Suggested Searches
Care
View All
Locations
View All
Providers
View All
General Results

News & Stories

Spotlight: Elizabeth Neil, MD, takes patient-first approach to brain cancer care

Neuro-Oncologist Elizabeth Neil, MD, seeks out new treatments for brain cancer. She is also an advocate for the patients that depend upon her care.
Neuro-Oncologist Elizabeth Neil, MD, treats brain cancer patients and helps develop new treatment options for them. The search for different treatment options—or even a cure—motivates her to continue her work.
|

Elizabeth Neil, MD, is in a tough field—but she has plenty of reasons for hope.

Neil is a neuro-oncologist with University of Minnesota Health Cancer Care. She treats brain cancer patients and finds new ways to battle malignant brain tumors. Though recent medical advancements have helped in the fight against other cancer types, brain cancers remain difficult to treat.

That’s because they are often located in inaccessible or hard-to-reach parts of the brain, which makes surgery to remove the tumors difficult. The blood-brain barrier—the brain’s own natural defense system—also reduces the effectiveness of many cancer-fighting drugs.

“The prognosis for the more malignant brain tumors is poor, and we just need better treatments,” Neil said. “Many potential treatments haven’t been tested yet. The search for different treatment options—or even a cure—motivates me.”

We asked Neil to tell us more about her work treating such difficult diseases, her passion for neuro-oncology and the importance of being a patient advocate.

Why does neuro-oncology—or cancer care for the brain—fascinate you?

I believe that the brain is the final frontier. There is still so much about it that we don’t know. I’m constantly impressed by the complexity of the brain and the ways it enables us to function, think and express our own personalities.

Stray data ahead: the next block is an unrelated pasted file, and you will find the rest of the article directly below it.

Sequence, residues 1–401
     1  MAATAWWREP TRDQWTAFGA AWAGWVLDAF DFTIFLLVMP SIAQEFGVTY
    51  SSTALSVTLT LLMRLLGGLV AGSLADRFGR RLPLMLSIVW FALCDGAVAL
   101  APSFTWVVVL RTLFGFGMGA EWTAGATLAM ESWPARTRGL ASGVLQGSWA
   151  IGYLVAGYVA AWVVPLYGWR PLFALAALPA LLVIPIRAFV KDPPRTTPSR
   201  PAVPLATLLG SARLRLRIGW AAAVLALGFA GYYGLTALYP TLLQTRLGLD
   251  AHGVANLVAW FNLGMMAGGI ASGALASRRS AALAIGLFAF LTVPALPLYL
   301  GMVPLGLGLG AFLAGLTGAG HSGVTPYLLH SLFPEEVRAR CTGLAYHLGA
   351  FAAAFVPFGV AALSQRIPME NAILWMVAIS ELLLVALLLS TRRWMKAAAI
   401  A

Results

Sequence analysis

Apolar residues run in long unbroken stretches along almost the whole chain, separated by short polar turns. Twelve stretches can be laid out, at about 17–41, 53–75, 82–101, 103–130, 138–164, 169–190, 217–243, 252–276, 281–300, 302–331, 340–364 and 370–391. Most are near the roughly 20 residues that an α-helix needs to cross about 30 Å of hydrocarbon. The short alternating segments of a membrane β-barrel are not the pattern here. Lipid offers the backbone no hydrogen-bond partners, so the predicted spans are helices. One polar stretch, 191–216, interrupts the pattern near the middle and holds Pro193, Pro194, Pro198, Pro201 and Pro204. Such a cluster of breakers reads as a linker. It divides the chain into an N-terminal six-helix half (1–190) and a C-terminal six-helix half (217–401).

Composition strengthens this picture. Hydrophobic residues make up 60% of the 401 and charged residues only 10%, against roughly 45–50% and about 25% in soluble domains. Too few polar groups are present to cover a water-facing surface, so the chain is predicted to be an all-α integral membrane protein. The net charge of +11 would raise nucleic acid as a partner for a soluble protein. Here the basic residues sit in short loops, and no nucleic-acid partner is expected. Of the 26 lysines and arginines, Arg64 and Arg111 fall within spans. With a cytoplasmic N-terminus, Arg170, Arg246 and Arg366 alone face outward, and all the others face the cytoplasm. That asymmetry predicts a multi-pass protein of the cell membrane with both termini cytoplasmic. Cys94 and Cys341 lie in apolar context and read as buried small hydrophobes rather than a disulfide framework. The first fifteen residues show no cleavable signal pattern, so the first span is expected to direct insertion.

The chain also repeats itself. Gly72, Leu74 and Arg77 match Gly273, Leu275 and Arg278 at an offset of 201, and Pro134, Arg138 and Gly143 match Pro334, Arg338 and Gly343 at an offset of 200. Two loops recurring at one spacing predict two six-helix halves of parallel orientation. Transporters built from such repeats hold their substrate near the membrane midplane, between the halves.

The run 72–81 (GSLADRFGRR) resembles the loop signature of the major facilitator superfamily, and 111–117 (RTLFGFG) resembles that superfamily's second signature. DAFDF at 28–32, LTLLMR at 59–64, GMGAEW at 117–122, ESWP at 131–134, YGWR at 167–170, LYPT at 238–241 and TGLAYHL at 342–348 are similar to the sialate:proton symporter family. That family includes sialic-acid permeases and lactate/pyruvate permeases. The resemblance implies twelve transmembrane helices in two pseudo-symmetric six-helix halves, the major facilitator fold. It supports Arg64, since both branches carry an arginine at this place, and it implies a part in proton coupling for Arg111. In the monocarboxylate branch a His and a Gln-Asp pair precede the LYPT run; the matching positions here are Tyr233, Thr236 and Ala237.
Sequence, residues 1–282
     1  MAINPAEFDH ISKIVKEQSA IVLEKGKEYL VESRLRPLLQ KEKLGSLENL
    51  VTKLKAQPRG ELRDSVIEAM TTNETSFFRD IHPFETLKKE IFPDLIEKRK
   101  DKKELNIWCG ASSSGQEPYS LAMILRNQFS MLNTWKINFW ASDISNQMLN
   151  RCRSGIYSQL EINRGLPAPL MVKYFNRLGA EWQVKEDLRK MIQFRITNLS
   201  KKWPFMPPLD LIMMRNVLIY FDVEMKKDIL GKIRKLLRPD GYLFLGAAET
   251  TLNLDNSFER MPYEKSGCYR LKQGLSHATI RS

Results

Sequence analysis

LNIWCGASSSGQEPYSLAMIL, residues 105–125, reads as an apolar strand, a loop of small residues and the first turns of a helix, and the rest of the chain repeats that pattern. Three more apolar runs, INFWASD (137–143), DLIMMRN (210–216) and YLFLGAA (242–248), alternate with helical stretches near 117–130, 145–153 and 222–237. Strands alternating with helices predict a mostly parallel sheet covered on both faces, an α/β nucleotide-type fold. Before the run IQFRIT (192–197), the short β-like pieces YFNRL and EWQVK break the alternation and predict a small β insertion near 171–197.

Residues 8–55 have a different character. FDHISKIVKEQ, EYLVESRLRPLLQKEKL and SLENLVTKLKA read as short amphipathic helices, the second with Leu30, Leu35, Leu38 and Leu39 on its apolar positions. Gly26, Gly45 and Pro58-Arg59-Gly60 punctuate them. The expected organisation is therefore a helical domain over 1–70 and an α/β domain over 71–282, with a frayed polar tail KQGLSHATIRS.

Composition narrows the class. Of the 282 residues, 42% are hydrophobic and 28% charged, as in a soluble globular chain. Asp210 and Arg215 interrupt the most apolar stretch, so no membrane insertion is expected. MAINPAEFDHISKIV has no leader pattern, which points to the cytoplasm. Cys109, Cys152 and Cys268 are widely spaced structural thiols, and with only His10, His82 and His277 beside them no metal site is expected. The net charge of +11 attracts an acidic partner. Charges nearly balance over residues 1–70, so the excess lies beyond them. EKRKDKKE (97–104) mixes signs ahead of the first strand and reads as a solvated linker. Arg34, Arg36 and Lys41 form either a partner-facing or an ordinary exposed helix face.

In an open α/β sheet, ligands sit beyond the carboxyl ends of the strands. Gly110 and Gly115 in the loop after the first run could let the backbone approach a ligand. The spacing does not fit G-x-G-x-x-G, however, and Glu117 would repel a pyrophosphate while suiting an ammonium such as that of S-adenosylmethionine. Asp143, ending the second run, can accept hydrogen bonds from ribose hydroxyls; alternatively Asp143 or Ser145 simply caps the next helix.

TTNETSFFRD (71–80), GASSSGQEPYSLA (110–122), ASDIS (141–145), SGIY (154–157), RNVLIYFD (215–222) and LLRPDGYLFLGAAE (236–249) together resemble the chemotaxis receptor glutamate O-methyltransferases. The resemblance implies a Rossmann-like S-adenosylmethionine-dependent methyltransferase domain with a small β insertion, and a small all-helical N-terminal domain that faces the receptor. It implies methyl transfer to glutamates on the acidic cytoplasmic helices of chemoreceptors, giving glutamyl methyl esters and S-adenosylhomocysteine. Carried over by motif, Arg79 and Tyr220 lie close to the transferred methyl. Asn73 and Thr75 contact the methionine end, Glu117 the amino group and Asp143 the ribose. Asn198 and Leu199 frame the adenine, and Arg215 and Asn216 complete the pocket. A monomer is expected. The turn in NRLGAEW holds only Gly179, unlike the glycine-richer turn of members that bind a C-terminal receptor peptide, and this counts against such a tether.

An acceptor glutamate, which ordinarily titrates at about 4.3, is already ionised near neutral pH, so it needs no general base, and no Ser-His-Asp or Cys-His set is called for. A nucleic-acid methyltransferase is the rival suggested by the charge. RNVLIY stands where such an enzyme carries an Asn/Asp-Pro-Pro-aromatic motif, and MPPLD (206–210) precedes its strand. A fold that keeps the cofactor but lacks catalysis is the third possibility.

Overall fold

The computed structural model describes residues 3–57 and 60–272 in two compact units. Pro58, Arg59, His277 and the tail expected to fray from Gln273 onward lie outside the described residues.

I first started working with brain cancer patients during my neurology residency. I immediately recognized that these people represented a very special patient population. Developing close patient-physician relationships and helping people as they cope with an overwhelming and discouraging time in their lives is very fulfilling for me. Becoming a neuro-oncologist just fit with my personality and the way I wanted to practice medicine. I believe that it is important to be compassionate, understanding and an excellent listener while I’m in the clinic. I’m also a dedicated clinical researcher collaborating with like-minded professionals who are also striving for a cure for brain cancer. That combination of roles is very gratifying.

Since becoming a board certified neuro-oncologist, there have been difficult days. However, I am reminded of the words of my mentor; “You cannot change a diagnosis, you can only change the way your patients live with the disease.” I’ve been lucky to become a part of my patients’ and their family’s lives. It’s a real honor to help care for them.

Learn more about University of Minnesota Health brain cancer care.

What projects are on the horizon for you?

I want to foster the development and growth of University of Minnesota Health and Masonic Cancer Center’s clinical trials program for adult brain tumors. Clinical trials give patients access to innovative treatment options they might not otherwise receive. The University of Minnesota is unique in this region because we have many renowned basic scientific researchers dedicated to developing new breakthroughs in the fight against many different diseases. I’m excited about these partnerships and the potential they represent to identify “the next big thing” in the treatment of aggressive brain tumors.

Do you have a patient care principle that guides you?

It’s important to remember that brain cancer patients are facing a challenging disease that carries a difficult prognosis. The treating oncologist is responsible for delivering medical information in a clear and effective manner, advising patients on the best course of treatment and providing physical as well as emotional support. Even as I search for and help develop new treatment options, it’s important to remember that I am—first and foremost—an advocate for my patients. I need to ensure that the treatments and clinical trials I bring to the institution are safe and beneficial, and that my patients are only enrolled in trials that I truly believe will help them.

Comments